RIESEL, Texas (KWTX) The Texas Department of Transportation will conduct a traffic engineering study of a two-mile section of northbound State Highway 6 south of Riesel where Falls County Deputy Matt Jones, 30, died and Riesel police Chief Danny Krumnow, 62, was seriously injured on Oct. 11 when a car that hydroplaned on the wet road struck them at the scene of an earlier accident.
A KWTX review of state data found that since 2010, there have been 28 crashes involving a total of 53 people on the two-mile section of northbound State Highway 6 where Jones and Krumnow were struck. (Photo by John Carroll)
Jones was laid to rest last Friday after a service attended by hundreds of family members, friends and law enforcement officers from across Texas and around the U.S.
Krumnow remains in the intensive care unit of Scott & White Medical Center in Temple and faces a long recovery.
"We expect to have some results in about two weeks as far is what we what we need to look at as far as the future of that roadway,” Texas Department of Transportation spokesman Ken Roberts said Wednesday.
"We take a look anytime there's a fatality. We take a look at what…may need to be done further down the road,” he said.
On Wednesday crews placed cones to close the right lane of the northbound highway for two miles leading up to the site of the deadly crash just past a large curve that goes over a hill headed into Riesel.
A KWTX review of state data found that since 2010, there have been 28 crashes involving a total of 53 people on the two-mile section of northbound State Highway 6 where Jones and Krumnow were struck.
Most of them occurred as drivers came out of the curve.
Three of the 28 were fatal and occurred in close proximity, including the one on Oct. 11 that claimed the deputy’s life.
"There are numerous hazards on our roadways,” Roberts said.
“Of course speed is always a factor, so all that comes into play. When we say there's a serious problem in a particular area we have to look at a lot of things."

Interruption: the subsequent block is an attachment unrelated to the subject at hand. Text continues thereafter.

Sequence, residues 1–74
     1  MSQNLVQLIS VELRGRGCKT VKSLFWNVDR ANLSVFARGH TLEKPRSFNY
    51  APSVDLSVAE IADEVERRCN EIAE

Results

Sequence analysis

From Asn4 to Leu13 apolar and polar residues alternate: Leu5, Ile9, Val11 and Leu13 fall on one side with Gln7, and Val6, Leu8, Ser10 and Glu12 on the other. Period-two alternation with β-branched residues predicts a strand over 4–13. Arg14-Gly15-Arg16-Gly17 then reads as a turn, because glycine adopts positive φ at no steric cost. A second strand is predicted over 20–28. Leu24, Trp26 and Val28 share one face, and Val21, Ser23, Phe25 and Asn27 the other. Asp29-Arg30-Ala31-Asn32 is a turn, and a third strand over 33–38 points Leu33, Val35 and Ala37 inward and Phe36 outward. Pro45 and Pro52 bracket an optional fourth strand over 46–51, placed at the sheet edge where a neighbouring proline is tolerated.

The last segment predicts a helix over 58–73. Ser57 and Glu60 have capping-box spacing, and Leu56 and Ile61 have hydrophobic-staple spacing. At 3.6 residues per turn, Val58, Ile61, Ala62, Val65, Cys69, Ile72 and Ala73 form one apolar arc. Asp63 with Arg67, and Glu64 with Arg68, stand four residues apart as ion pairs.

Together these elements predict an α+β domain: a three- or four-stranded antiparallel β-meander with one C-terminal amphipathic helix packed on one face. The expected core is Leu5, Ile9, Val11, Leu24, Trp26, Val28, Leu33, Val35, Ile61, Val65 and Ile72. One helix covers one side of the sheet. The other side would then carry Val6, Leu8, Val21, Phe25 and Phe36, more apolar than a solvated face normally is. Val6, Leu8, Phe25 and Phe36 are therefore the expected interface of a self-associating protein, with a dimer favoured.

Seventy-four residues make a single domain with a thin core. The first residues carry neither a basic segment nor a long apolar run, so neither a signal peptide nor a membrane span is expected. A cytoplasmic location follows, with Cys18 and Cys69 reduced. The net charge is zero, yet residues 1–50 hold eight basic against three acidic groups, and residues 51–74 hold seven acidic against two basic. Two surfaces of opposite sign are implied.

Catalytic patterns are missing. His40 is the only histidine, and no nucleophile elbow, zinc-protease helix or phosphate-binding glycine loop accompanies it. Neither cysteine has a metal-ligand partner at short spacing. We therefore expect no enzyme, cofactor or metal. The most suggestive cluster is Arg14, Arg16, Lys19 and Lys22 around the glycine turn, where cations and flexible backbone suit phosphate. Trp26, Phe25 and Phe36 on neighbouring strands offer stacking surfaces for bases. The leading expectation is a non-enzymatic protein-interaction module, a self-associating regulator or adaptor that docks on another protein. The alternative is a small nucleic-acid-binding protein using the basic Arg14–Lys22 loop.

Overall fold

Roberts says a sign may be placed ahead of the curve warning drivers of the danger, and the speed limit could be changed as well, but ultimately it will be up to engineers to decide what changes need to be made.
“A number of factors will be looked at (including) the curvature itself, the roadway (and) how the roadway reacts to the situation when we have inclement weather,” he said.
“All of those factors (and) of course the speed limit,” he said.
A Texas Department of Public Safety accident report released Tuesday detailed the Oct. 11 accident.
Jones and Krumnow had responded to an earlier accident on a rainy afternoon on Oct. 11 on northbound Highway 6 at County Road 109 south of Riesel involving a 2010 Nissan Versa, which was in a ditch on the east side of the highway.
A 2016 Chevrolet Tahoe, identified as a government vehicle registered to Falls County, was parked on the east shoulder of the road and the 27-year-old woman who was driving the Versa was sitting in the SUV with the Tahoe’s 40-year-old driver, who had evidently stopped to help.
Krumnow’s police unit was parked on the shoulder of the highway behind the Tahoe and Jones’ unit was parked behind Krumnow’s.
The two officers were outside of their units and standing behind the Tahoe when a northbound 2006 Mazda 3 that the report says was “traveling at an unsafe speed” hit the long curve on the wet highway, the report says.
The Mazda’s 21-year-old driver “took faulty evasive action, lost control and failed to drive in a single line,” the report says.
The Mazda slid across the inside and outside lanes and the shoulder and off the east side of the highway where it struck Krumnow and Jones and then hit the Versa, the report says.
Krumnow ended up pinned beneath the 2016 Tahoe.
Jones died at the scene.
Krumnow was flown to Scott & White in Temple and the driver of the Mazda was taken by ambulance to Baylor Scott & White Hillcrest Medical Center in Waco with unspecified injuries.
Krumnow, who suffered a lacerated spleen, a broken back, a dislocated knee, a collapsed lung and nine broken ribs, is making "great progress" according to the latest update from Riesel police.
“He is now completely off the breathing machine and breathing with an oxygen mask. As for now no surgeries are scheduled,” Sgt. Ryan Dieterich wrote in the Facebook post.
Krumnow is now “able to say some words and recognize close family and friends,” Dieterich wrote.
“We are on the right path to recovery, it will just be a lengthy one.”
A GoFundMe account has been created for Krumnow and the 100 Club Heart of Texas, a nonprofit formed to help families of fallen first responders, is accepting donations for both Krumnow and for Jones’ family, which may be made online, to an account set up at any First National Bank of Central Texas branch, or by mail to the 100 Club Heart of Texas, PO Box 21990, Waco, TX 76702-1990.